More than just chips: what are you getting with your fish?

21 JUNE 2016

A CSU scientist has identified the need for more research into seafood safety to protect the health of Australian consumers and workers in the local fishing industry.

A Charles Sturt University (CSU) scientist has identified the need for more research into seafood safety to protect the health of Australian consumers and workers in the local fishing industry.

Dr Shofookeh Shamsi is a senior lecturer in veterinary parasitology, specialising in identifying species of parasites, especially aquatic parasites.

"Our knowledge of seafood-borne parasites is poor despite the fact they are commonly found in Australia's wild catch fish such as mackerel, flathead, snapper and whiting," Dr Shamsi said.

"With the increasing popularity of eating raw, exotic or under cooked seafood, comes the increasing risk of parasites infecting humans and causing diseases."

One such infection that can affect humans is known as anisakidosis from the aquatic parasites, anisakid nematodes.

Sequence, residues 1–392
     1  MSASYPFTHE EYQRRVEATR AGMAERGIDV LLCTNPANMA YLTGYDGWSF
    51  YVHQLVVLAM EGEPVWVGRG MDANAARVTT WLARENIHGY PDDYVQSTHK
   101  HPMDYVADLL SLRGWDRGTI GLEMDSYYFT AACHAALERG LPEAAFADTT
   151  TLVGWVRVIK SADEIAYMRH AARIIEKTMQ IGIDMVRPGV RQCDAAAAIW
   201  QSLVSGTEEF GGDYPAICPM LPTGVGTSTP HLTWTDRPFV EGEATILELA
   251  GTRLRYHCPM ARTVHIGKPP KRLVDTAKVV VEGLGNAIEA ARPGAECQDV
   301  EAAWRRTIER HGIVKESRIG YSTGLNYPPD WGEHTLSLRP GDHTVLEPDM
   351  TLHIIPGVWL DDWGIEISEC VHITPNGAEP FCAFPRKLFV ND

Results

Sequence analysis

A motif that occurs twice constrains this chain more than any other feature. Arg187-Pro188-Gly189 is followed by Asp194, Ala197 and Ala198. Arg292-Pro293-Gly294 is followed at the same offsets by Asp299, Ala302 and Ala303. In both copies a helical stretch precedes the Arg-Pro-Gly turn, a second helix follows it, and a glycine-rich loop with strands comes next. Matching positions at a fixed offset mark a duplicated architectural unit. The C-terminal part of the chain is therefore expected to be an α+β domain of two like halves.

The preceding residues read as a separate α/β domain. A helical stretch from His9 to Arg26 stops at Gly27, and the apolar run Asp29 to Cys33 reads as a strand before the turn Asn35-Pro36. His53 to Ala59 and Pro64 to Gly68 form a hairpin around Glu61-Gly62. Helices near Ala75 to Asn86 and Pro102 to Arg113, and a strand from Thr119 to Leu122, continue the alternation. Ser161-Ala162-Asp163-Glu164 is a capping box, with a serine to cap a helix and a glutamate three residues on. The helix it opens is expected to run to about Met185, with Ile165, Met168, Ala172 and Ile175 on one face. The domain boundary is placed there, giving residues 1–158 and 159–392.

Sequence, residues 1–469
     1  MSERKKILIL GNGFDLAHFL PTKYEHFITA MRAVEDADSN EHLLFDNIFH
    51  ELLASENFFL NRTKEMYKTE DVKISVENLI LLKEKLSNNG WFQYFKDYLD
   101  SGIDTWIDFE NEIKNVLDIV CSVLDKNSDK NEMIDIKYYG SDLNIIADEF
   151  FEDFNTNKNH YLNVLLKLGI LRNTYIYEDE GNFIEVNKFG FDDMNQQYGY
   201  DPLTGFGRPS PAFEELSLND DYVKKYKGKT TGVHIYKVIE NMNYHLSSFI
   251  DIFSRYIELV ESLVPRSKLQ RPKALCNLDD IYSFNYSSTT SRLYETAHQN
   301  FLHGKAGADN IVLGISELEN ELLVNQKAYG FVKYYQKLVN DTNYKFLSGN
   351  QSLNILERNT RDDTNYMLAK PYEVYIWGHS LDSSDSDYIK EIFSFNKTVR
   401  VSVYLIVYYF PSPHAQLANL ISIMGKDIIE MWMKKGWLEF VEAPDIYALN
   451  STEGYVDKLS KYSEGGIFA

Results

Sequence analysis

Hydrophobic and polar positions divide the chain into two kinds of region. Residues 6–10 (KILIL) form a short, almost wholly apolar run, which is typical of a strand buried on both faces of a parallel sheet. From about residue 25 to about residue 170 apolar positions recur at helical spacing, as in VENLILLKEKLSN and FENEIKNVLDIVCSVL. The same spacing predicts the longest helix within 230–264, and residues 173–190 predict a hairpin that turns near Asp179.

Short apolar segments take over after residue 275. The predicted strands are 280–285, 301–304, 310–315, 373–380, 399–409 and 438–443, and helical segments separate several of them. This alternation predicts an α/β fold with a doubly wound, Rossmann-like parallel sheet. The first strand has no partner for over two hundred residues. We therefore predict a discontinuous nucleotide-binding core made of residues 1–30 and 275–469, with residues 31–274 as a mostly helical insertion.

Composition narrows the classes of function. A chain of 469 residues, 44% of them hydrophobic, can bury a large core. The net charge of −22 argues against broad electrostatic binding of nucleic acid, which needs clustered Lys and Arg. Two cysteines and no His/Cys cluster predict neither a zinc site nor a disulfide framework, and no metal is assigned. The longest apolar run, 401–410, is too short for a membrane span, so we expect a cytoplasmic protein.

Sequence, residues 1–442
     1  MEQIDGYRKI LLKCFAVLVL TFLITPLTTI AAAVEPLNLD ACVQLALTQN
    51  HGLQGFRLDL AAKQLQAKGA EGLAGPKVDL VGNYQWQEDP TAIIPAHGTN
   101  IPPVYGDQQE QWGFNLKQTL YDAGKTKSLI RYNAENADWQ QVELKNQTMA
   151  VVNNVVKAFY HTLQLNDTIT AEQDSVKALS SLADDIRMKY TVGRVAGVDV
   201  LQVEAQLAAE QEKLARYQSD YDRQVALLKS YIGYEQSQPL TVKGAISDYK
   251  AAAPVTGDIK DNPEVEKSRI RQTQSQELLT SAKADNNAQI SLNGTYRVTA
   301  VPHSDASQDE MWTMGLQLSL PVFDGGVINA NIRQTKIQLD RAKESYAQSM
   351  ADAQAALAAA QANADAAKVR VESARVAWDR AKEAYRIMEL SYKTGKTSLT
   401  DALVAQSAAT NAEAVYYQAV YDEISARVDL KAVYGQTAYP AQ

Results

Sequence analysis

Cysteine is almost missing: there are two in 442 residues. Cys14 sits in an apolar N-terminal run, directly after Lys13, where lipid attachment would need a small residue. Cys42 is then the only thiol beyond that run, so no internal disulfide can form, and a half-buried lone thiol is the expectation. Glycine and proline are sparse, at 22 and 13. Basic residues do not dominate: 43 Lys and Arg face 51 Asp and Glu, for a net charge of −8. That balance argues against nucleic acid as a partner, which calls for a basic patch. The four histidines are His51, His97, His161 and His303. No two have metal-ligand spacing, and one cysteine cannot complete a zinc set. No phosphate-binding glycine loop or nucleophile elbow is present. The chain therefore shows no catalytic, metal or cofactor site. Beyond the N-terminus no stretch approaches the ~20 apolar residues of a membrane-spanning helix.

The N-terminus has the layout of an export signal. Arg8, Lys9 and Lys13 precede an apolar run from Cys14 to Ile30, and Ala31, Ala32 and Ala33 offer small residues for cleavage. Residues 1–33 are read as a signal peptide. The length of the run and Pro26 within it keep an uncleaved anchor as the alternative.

"There are few reported cases in Australia of seafood-borne zoonosis but this could be due to misdiagnosis. There is also no standardised technique in Australia to diagnose these diseases."

The CSU academic believes that Australian regulations covering food safety and the importation of food are strict but she is concerned they do not sufficiently focus on parasitic diseases.

 "The best means to prevent seafood-borne zoonotic infections - such as anisakidosis - is to ensure it is properly cooked or to eat raw seafood only in reputable restaurants where chefs are trained to recognise infected seafood.

"Educational campaigns are important as well to train all other parties involved with seafood and public health about these parasites.

"The economic value of the Australian fishing industry combined with the need to protect consumer health means we need to fill the current knowledge gaps.

"We need further research into the biology and ecology of these parasites and the risks they can pose."

The article, "Seafood-borne parasitic diseases in Australia: how much do we know about them?" by Dr Shokoofeh Shamsi was published in Microbiology Australia in March, 2016.

Dr Shamsi is in the School of Animal and Veterinary Sciences at CSU in Wagga Wagga. She is a member of the Graham Centre for Agricultural Innovation. Earlier this year she took part in the 15th Science Meets Parliament.

Media Note:

Senior lecturer in veterinary parasitology Dr Shofookeh Shamsi is in the School of Animal and Veterinary Sciences at CSU in Wagga Wagga. She is available for interview. Contact CSU Media.

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Wagga Wagga Animal and Veterinary science Graham Centre Research Science